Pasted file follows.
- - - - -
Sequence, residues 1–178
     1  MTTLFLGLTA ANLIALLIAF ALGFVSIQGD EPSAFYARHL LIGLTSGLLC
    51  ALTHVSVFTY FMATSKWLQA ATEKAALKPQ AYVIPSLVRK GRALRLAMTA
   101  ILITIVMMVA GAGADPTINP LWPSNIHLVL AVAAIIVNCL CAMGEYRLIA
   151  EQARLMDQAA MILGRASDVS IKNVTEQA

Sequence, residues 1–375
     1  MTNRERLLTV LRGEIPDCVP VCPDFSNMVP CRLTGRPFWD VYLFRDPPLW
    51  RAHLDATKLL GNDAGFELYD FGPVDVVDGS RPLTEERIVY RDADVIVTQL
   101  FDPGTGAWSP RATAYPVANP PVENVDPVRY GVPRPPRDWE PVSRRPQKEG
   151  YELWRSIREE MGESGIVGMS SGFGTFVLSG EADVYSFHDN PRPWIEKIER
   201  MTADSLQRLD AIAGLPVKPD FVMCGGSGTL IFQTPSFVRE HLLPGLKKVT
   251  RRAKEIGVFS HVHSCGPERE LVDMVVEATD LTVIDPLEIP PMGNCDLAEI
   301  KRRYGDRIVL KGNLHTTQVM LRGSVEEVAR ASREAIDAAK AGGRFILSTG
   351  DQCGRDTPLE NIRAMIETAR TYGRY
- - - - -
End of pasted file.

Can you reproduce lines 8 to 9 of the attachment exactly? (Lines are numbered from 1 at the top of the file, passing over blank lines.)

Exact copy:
    51  RAHLDATKLL GNDAGFELYD FGPVDVVDGS RPLTEERIVY RDADVIVTQL
   101  FDPGTGAWSP RATAYPVANP PVENVDPVRY GVPRPPRDWE PVSRRPQKEG